She then asked me to remove my pants for a trans-vaginal ultrasound (see!) and she told my husband he could get out his phone. (She had told him phones weren’t allowed earlier in case it was bad news…won’t fall for that twice.) The raspberry-sized embryo was measuring right on track for its age, and we could even see a heartbeat. Despite our worst fears, everything was progressing just fine.*

At this point, I should note that I’m still taking two different IVF medications: a form of estrogen (orally) and a form of progesterone (via vaginal suppositories). I assumed this was self-evident to the midwife, both because she knew it was a donor egg IVF pregnancy and because the progesterone leaks out in massive white chunks. I was therefore caught off-guard when she started delicately hinting that if I noticed any symptoms like discharge, itching, or redness, I should call my doctor. I smiled politely and tried to rack my brain (“Have I noticed any itching??”) when my husband piped up that I was on vaginal progesterone, to which she replied “Ahhhh, that’s what it is then.” From this, I learned two things: 1) They apparently don’t get many IVF patients, and 2) From the amount of white goo leaking out of me, she must have thought I had a vaginal infection to rival all vaginal infections. So that’s not embarrassing at all.

Success with a poor-quality embryo

Technically, our embryo wasn’t poor-quality, it was fair-quality. Still, this seemingly minor distinction didn’t ease my anxiety during the two-week-wait when confronted with the dozens of ‘Perfect 5AA!’ embryos that my fellow IVF’ers seemed to post about online. Perhaps there’s some bias where people only post about the grade if it’s good?

Since I had such a hard time finding success stories for anything less than BB, let me add our own small success story here for those still in the trenches. Our embryo was only a 3BC (and by day 6, at that), our donor (Marie) was a month shy of 37, and while we won’t stop worrying ’til the very end, here is the 8-week scan of our bean.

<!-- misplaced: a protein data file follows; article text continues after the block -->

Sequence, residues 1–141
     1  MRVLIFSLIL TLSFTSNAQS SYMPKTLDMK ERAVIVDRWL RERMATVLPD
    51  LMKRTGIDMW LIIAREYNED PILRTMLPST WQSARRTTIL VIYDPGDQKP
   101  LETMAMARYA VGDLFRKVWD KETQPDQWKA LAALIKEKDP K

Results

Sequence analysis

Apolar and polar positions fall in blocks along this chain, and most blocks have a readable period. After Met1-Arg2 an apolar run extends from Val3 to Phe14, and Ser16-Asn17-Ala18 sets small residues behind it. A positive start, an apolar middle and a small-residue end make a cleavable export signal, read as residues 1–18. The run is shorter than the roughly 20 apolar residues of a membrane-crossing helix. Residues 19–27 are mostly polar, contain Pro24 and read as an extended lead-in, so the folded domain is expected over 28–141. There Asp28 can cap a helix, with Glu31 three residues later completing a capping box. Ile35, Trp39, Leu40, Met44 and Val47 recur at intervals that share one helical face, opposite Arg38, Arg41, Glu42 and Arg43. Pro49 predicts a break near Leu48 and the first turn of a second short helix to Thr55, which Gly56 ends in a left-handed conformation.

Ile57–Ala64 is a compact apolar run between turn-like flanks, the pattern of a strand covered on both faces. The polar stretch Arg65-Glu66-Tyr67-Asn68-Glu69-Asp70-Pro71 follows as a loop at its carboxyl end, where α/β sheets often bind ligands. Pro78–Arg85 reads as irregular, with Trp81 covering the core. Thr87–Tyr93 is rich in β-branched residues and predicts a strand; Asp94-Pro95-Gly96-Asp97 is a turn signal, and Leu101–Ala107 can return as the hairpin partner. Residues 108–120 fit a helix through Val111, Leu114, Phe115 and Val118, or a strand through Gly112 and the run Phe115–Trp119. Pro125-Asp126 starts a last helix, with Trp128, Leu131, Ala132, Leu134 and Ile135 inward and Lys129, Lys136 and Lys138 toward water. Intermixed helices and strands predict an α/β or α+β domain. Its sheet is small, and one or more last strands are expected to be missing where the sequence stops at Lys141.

* When I called Ghent to share the good news, the midwife I spoke to thought I had used the eggs of ‘my partner’. So either known donations also aren’t that common, or Marie and I come off as an adorable lesbian couple.

A different kind of two-week-wait

Trigger warning: This post discusses a positive pregnancy test, which means that I’m now one of those annoying ‘pregnancy bloggers’ I used to avoid like the plague. My sincere apologies.

You’d think that after finally receiving our first ever positive pregnancy test, the anxiety would have subsided. After all, this is what we’ve been working toward all these years, right??

Wrong — what we’ve been working toward is a fully formed, living and breathing baby, and we’re still quite a ways from having that in the bag.

I’m not complaining, of course — a positive test is the first necessary step, and it’s one that eluded us cycle and after for >60 months (not that I’ve been counting). But after working so hard for it, and waiting for so long, the very real possibility of a miscarriage has not escaped my notice.